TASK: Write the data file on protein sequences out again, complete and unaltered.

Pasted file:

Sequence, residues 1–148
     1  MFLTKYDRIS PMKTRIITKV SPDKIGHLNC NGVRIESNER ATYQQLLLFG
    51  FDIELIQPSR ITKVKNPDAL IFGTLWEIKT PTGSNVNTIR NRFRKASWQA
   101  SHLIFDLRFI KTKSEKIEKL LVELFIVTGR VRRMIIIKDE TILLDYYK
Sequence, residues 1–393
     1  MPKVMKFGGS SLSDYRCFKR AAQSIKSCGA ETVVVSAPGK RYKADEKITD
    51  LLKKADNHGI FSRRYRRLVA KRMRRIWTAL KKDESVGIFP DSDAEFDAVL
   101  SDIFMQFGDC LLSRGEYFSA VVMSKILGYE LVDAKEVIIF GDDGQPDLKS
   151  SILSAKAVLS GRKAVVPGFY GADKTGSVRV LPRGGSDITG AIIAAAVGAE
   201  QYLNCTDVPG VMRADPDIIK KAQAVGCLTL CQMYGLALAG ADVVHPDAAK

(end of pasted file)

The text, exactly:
Sequence, residues 1–148
     1  MFLTKYDRIS PMKTRIITKV SPDKIGHLNC NGVRIESNER ATYQQLLLFG
    51  FDIELIQPSR ITKVKNPDAL IFGTLWEIKT PTGSNVNTIR NRFRKASWQA
   101  SHLIFDLRFI KTKSEKIEKL LVELFIVTGR VRRMIIIKDE TILLDYYK
Sequence, residues 1–393
     1  MPKVMKFGGS SLSDYRCFKR AAQSIKSCGA ETVVVSAPGK RYKADEKITD
    51  LLKKADNHGI FSRRYRRLVA KRMRRIWTAL KKDESVGIFP DSDAEFDAVL
   101  SDIFMQFGDC LLSRGEYFSA VVMSKILGYE LVDAKEVIIF GDDGQPDLKS
   151  SILSAKAVLS GRKAVVPGFY GADKTGSVRV LPRGGSDITG AIIAAAVGAE
   201  QYLNCTDVPG VMRADPDIIK KAQAVGCLTL CQMYGLALAG ADVVHPDAAK